Noetic Solutions Pty Ltd Develop a draft description of the APS Human Capital Framework 80,000 Select tender off open approach panel B 21/03/2011 15/04/2011 80,000
Noetic Solutions Pty Ltd Development of the Human Capital Framework elements 73,500 Select tender off open approach panel B 30/05/2011 26/05/2011 75,168
Noetic Solutions Pty Ltd Development of the APS Workforce Planning Guide 66,500 Select tender off open approach panel B 16/05/2011 30/06/2011 46,250
Bennelong Resources Pty Ltd Advisory support to the Commonwealth Remuneration Tribunal 25,244 Direct sourcing B 14/09/2010 31/05/2011 0
Australian Institute of Management Support review on leadership development 12,100 Select tender off open approach panel B 15/02/2011 30/06/2011 11,000
Tempo Strategies Workshop facilitation 13,200 Select tender off open approach panel B 22/03/2011 30/04/2011 13,200
The University of New South Wales Support for the design and implementation of an APS wide leadership development strategy 300,000 Select tender off open approach panel C 10/03/2011 30/06/2011 98,554
KPMG Process Mapping for the Centre for Leadership and Learning 16,500 Select tender B 2/05/2011 27/05/2011 16,280
Erwood Accelerated Purchasing Probity advice and project management for the Centre for Leadership and Learning's procurement of learning interventions. 41,720 Select tender B 20/06/2011 30/09/2011 0
Hay Group Pty Ltd Methodology for evaluating SES roles. 96,646 Select tender B 17/03/2011 16/07/2011 66,660
Mercer (Australia) Pty Ltd SES review 424,167 Direct sourcing C 15/07/2010 22/12/2010 424,007
PriceWaterhouseCoopers SES review 69,680 Direct sourcing C 15/07/2010 24/01/2011 69,680
Workplace Research Associates Pty Ltd Consulting services for draft APS work level standards 82,500 Select tender B 20/04/2011 30/06/2011 78,990
Noesis Learning Pty Ltd To design and develop the Career journey program content 55,900 Select tender B 1/06/2011 31/08/2011 0
Fellows Medlock & Associates Pty Ltd Advice on implementation of bargaining arrangements 55,353 Direct sourcing C 15/09/2010 19/05/2011 55,353
Total contracts 38 Total 2,774,163 1,901,314

Australian Public Service Commission - Statement of comprehensive income for the period ended 30 June 2011

EXPENSES Notes 2011 $’000 2010
$’000
The above statement should be read in conjunction with the accompanying notes.
Employee benefits 3a 26,627 21,312
Supplier expenses 3b 22,571 17,120
Depreciation and amortisation 3c 1,378 1,376
Finance costs 3d 21 22
Write-down and impairment of assets 3e - 2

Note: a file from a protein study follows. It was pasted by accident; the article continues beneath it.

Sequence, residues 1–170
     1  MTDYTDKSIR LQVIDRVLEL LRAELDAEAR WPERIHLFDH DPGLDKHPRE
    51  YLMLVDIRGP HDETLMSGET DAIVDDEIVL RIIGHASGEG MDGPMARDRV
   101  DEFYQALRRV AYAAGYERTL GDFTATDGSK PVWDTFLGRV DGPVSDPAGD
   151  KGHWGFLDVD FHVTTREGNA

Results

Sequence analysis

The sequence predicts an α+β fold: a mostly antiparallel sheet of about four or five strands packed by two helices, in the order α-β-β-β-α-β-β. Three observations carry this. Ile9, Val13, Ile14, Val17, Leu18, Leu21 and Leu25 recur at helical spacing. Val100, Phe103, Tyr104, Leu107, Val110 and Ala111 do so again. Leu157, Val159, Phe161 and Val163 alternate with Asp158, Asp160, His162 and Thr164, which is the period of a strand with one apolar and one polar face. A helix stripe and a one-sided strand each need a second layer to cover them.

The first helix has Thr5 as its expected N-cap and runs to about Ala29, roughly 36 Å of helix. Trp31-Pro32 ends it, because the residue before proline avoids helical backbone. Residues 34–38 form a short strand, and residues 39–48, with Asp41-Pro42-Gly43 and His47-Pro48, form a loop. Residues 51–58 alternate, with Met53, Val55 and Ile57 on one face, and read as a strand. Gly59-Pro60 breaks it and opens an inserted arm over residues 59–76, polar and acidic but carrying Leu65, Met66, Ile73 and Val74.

Losses from asset sales 3f 47 61
Total expenses - 50,644 39,893
LESS:
OWN-SOURCE INCOME
Own-source revenue
Sale of goods and rendering of services 4a 22,420 19,922
Total own-source revenue - 22,420 19,922
Gains
Resources received free of charge 4b 39 39
Reversals of previous asset write-downs and impairments 4c 1 -
Total gains - 40 39
Total own-source income - 22,460 19,961
Net cost of services - 28,184 19,932
Revenue from Government 4d 30,096 20,731
Surplus - 1,912 799
OTHER COMPREHENSIVE INCOME
Changes in asset revaluation reserves - 264 -
Total other comprehensive income - 264 -
Total comprehensive income - 2,176 799

Australian Public Service Commission - Balance sheet

ASSETS Notes 2011 $’000 2010 $’000
The above statement should be read in conjunction with the accompanying notes.
Financial assets
Cash and cash equivalents 5a 1,291 469
Trade and other receivables 5b 24,282 18,017
Total financial assets - 25,573 18,486
Non-financial assets
Land and buildings 6a,d 3,542 3,244
Property, plant and equipment 6b,d 1,821 1,812
Intangibles 6c,d 451 691
Inventories 6e 88 189
Prepayments paid 6f 506 449
Total non-financial assets - 6,408 6,385
Total assets - 31,981 24,871
LIABILITIES
Payables
Suppliers 7a 5,879 4,042
Prepayments received 7b 7,153 5,844
Other payables 7c 729 633
Total payables - 13,761 10,519
Interest bearing liabilities
Lease incentives 8a 1,431 1,597
Total interest bearing liabilities - 1,431 1,597
Provisions
Employee provisions 9a 6,139 4,850
Provision for restoration obligations 9b 458 332
Total provisions - 6,597 5,182
Total liabilities - 21,789 17,298
NET ASSETS - 10,192 7,573
EQUITY
Contributed equity - (857) (1,300)
Asset revaluation reserve - 1,566 1,302
Retained surplus / (accumulated deficit) - 9,483 7,571
Total equity - 10,192 7,573

Australian Public Service Commission - Statements of changes in equity for the period ended 30 June 2011

* See notes 6a and 9b for details of revaluation adjustments.
Item Retained earnings Asset revaluation reserve Contributed equity / capital Total equity
2011
$’000
2010
$’000
2011
$’000
2010
$’000
2011
$’000
2010
$’000
2011
$’000
2010
$’000
 
Opening balance 7,571 6,772 1,302 1,302 (1,300) (1,300) 7,573 6,774
Comprehensive income  
Other comprehensive income* - - 264 - - - 264 -
Surplus / (deficit) for the period 1,912 799 - - - - 1,912 799
Total comprehensive income 1,912 799 264 - - - 2,176 799
Transactions with owners